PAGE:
The Senator, who spoke in Yenagoa, Bayelsa State when Governor Seriake Dickson hosted him and other African lawmakers attending the 74th Commonwealth Parliamentary Association (Africa Region) Executive Committee to a dinner, maintained that his comments on the floor of the Senate, though “unambiguously in defence of democracy”, were either being twisted or misconstrued by some persons.
While reinstating his respect for the Nigerian Armed Forces, Ekweremadu, advised that comments made by lawmakers in the course of their duty should be situated within the proper context before any form of reaction.
He explained in Yenagoa that parliamentarians had a duty to continue to defend democracy in the country, hence he clearly cautioned fellow politicians against the mistakes of the past, which inevitably led to the abrupt end of the previous republics.
“We had one of our colleagues from Kogi, who was hosting a constituency briefing and empowerment. He alleged that the state government sponsored thugs to chase away people, disrupt the programme, and destroy the equipment he bought for his people.
“We condemned such acts, especially where in a particular case, the house of a parliamentarian was pulled down. We condemned a case whereby parliamentarians were stopped from holding meetings and where a parliamentarian was stopped from coming to a state where he was governor for eight years.
“We warned that it was such reckless abuse of power and impunity that scuttled our previous republics, especially the first republic and I cautioned politicians not take our democracy for granted.
“Of course, some people took it out of context and said I was calling for a military coup. I never called for a military coup. I never said the military was planning any coup. Even the military’s statement admitted that my statement was only cautionary and that we were sincere. But they went as far as saying that the international community should ignore my words of caution”, Ekweremadu said.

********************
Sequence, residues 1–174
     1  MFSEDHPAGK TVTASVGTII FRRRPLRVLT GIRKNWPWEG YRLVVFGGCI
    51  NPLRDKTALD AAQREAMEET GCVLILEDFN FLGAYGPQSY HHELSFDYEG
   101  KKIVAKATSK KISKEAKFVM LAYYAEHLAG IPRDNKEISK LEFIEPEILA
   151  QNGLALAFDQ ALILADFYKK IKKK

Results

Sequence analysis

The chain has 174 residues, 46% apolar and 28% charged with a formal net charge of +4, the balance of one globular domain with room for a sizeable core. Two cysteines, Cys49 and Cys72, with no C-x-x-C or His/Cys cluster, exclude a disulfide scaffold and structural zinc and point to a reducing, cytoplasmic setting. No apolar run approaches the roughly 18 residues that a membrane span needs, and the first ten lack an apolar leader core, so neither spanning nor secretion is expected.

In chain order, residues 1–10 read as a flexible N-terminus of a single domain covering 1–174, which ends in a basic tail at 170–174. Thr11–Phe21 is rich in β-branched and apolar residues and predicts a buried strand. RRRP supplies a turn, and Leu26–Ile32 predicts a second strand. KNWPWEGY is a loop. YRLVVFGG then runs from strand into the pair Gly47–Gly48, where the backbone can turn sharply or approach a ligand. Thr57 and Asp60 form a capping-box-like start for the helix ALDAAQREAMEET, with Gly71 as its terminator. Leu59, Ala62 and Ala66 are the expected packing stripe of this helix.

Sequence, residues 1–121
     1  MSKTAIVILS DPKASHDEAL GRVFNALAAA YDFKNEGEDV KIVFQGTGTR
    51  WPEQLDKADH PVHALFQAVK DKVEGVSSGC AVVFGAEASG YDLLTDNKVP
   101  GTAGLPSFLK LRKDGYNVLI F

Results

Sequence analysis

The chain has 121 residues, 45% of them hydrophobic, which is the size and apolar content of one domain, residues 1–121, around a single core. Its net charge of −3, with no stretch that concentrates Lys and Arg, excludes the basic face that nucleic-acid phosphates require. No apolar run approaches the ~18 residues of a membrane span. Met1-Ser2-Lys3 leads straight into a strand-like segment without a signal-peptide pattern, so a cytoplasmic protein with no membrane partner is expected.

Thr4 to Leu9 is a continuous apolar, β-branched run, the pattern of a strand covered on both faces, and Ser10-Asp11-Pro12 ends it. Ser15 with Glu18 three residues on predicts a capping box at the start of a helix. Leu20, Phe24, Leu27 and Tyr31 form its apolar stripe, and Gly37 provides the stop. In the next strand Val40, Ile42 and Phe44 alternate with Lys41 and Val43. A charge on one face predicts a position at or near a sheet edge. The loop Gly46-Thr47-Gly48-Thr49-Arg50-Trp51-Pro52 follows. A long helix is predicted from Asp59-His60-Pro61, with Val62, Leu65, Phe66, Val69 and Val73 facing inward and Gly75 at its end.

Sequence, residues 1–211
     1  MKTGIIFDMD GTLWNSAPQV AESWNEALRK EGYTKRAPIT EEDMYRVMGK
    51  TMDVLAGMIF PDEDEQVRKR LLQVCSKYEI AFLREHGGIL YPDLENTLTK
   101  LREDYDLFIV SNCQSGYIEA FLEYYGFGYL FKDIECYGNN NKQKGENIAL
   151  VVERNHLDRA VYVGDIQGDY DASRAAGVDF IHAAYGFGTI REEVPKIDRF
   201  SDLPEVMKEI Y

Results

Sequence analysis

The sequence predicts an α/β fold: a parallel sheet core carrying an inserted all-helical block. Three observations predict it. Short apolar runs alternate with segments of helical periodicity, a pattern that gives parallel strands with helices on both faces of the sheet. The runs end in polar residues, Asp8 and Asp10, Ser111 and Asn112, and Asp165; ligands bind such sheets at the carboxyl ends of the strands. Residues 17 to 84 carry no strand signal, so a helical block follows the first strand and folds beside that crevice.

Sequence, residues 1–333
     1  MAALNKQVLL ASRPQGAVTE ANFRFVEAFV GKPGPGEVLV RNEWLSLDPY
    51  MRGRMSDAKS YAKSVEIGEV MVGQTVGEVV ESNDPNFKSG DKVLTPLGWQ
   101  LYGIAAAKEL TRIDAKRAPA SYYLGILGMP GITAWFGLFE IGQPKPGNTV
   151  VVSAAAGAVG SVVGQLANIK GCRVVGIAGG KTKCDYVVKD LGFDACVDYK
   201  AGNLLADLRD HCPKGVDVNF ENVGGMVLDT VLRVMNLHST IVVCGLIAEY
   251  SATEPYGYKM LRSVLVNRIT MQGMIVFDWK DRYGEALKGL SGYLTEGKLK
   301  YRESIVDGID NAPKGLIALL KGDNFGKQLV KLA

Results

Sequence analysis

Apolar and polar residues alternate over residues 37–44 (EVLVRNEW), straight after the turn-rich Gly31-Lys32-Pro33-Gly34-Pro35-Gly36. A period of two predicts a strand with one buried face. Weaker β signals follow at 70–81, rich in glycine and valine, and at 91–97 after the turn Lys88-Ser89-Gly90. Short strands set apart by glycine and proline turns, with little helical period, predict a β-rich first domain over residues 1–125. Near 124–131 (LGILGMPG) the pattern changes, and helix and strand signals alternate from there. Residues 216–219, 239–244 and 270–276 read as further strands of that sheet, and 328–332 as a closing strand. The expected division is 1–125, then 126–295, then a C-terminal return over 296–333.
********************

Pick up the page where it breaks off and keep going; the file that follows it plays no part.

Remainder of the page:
He added: “I hold the Nigerian Army and the Armed Forces in high regard. They have defended our democracy, our people and have acquitted themselves creditably. If they need anything now, it is encouragement because this is not the best of times for them.
“But we do hope that when parliamentarians make statements, they (the military) should be able to know exactly what they said before reacting so that we don’t overheat the system.
“Our debate is circulating on the internet, unedited, and I never said the army was planning a coup and I never invited them to plan any coup. But I strongly hold the view that our political leaders should ere on the side of caution by refraining from past mistakes and actions inimical to democratic practice”.
Recall that after Ekweremadu spoke on the floor of the Senate, the Defence Headquarters in a statement by its spokesman, JA AGIM a Brigadier General
gave a detailed response. Titled, RE – WHO SAYS THE MILITARY CAN’T TAKE OVER, it read in full:
1. The Defence Headquarters wish to respond to a comment by the Deputy President of the Senate, Distinguished Senator Ike Ekweremadu on Wednesday 7 March 2018, regarding the Nigerian Military, while contributing to a debate on a motion sponsored by Senator Ahmed Ogembe, representing Kogi Central. In his comments among others, the Distinguished Deputy President of the Senate stated “The Problem in Nigeria is that our democracy is receding. Who says army cannot take over, let us not joke with our democracy that is the issue”.